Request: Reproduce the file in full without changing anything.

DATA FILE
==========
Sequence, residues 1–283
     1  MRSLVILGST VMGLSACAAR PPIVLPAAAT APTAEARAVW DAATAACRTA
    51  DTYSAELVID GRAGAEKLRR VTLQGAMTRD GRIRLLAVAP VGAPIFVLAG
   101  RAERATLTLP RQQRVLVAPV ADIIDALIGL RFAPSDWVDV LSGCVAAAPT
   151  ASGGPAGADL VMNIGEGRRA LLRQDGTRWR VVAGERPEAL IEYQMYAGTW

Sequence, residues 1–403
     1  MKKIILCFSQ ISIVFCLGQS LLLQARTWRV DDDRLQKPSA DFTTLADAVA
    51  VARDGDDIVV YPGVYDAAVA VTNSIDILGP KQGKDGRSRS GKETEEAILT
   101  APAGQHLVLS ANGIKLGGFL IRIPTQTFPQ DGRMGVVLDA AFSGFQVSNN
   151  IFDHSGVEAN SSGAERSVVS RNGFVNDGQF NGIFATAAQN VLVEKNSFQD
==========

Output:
Sequence, residues 1–283
     1  MRSLVILGST VMGLSACAAR PPIVLPAAAT APTAEARAVW DAATAACRTA
    51  DTYSAELVID GRAGAEKLRR VTLQGAMTRD GRIRLLAVAP VGAPIFVLAG
   101  RAERATLTLP RQQRVLVAPV ADIIDALIGL RFAPSDWVDV LSGCVAAAPT
   151  ASGGPAGADL VMNIGEGRRA LLRQDGTRWR VVAGERPEAL IEYQMYAGTW

Sequence, residues 1–403
     1  MKKIILCFSQ ISIVFCLGQS LLLQARTWRV DDDRLQKPSA DFTTLADAVA
    51  VARDGDDIVV YPGVYDAAVA VTNSIDILGP KQGKDGRSRS GKETEEAILT
   101  APAGQHLVLS ANGIKLGGFL IRIPTQTFPQ DGRMGVVLDA AFSGFQVSNN
   151  IFDHSGVEAN SSGAERSVVS RNGFVNDGQF NGIFATAAQN VLVEKNSFQD